Learning Russian for the love of Russia’s women


“What does it mean?”

Gibberish in your ear. After all, a word without meaning is, well, meaningless.

How on Earth do babies pick up words?

First, they listen. Not necessarily because they desire to. They don’t decide to pay attention or not, it’s more like they are hardwired to listen.

And that “hardware” is called a language acquisition device, conveniently known as LAD.

Woman with a Fruit Basket, ca. 1820
Gardner Factory, Russian, Verbilki

LAD is a theory that “all humans share a mechanism which allows us to comprehend, develop, and use language like no other animal”.

This instinctive mental capacity enables an infant to acquire and produce language.

Around three quarters of the babies in the world learn more than one language.

“They won’t realize that the words belong to different languages until they’re older.”

(Read more in this excellent book about language here: CRYSTAL, D. (2010). Learning how to understand. In A Little Book of Language (pp. 14-20). Yale University Press. Retrieved from http://www.jstor.org/stable/j.ctt1np8zv.5)

How do you use this information to learn Russian?

Milkmaid, ca. 1820, Gardner Factory, Russian, Verbilki

Focus on the most common sounds, letters, and words.

As for words, don’t worry at the beginning about studying from a book or another source about how to classify “nouns” “prepositions” “verbs”, etc.

Try to let your brain work to classify them.

Before you read “Milkmaid” in the caption to the right did you look at the image and guess what it was before being told the answer?

As always, make sure to click on the links as they are decent resources.

Many of the links will take you to google translate so that you can hear the pronunciation of the word.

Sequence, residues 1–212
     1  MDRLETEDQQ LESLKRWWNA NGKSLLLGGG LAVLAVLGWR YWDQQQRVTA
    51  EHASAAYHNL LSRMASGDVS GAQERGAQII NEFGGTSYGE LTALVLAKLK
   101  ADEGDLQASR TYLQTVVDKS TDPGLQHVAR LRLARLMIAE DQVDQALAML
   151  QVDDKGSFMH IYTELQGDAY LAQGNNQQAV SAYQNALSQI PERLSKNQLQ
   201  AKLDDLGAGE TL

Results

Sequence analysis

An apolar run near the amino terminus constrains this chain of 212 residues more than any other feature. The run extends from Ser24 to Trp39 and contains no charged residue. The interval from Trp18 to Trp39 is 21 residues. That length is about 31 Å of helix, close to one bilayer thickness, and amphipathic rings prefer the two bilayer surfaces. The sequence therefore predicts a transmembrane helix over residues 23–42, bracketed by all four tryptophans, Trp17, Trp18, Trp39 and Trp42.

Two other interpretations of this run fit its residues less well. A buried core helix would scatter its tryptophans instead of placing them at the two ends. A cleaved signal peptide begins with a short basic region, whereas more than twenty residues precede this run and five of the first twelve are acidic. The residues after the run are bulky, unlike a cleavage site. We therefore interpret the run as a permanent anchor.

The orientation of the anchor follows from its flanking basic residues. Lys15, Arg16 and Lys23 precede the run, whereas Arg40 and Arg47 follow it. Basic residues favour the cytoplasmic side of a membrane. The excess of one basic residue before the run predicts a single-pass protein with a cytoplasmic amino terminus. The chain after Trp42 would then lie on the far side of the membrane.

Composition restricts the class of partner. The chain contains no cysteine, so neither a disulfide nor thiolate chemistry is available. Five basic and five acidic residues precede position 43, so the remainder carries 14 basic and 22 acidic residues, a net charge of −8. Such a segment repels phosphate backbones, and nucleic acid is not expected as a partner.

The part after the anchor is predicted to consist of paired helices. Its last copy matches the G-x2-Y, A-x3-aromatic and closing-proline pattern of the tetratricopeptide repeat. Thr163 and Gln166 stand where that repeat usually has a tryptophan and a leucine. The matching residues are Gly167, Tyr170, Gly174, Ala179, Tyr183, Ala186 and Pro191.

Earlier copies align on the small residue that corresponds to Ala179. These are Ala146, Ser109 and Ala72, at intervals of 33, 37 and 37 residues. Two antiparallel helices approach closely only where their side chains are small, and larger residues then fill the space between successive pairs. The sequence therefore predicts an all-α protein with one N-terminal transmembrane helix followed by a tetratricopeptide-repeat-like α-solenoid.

My plan is to hear foreign sounds and shout, whisper, sing them. At the least this is an entertaining option.

Now, what’s the most common word in the Russian language?


[ee] <- click here for the sound



1 Look at a few sentences it’s used in.

Мальчик и девочка играют.

Pronounced: Mal’chik i devochka igrayut.

Sentence translation: A boy and a girl are playing.


Мы стояли и ждали.

Pronounced: My stoyali i zhdali.

Sentence translation: We stood and waited.


Я это и имею в виду.

Pronounced: YA eto i imeyu v vidu.

Sentence translation: That’s what I have in mind. / I mean it.


И как ты не понимаешь, что это интересно?

Pronounced: I kak ty ne ponimayesh’, chto eto interesno?

Sentence translation: How come you don’t understand that this is interesting?


Мы так и сделали.

Pronounced: My tak i sdelali.

Sentence translation: This is what we did / We did just that.


Я даже и не знаю.

Pronounced: YA dazhe i ne znayu.

Sentence translation: I do not even know.


Она и нам рассказала.

Pronounced: Ona i nam rasskazala.

Sentence translation: She told us too.

I’m tired.

Here’s a palate cleanser:

Russian Nun by J. Monstein, around 1865.
Digital image courtesy of the Getty’s Open Content Program.

Comments (



%d bloggers like this: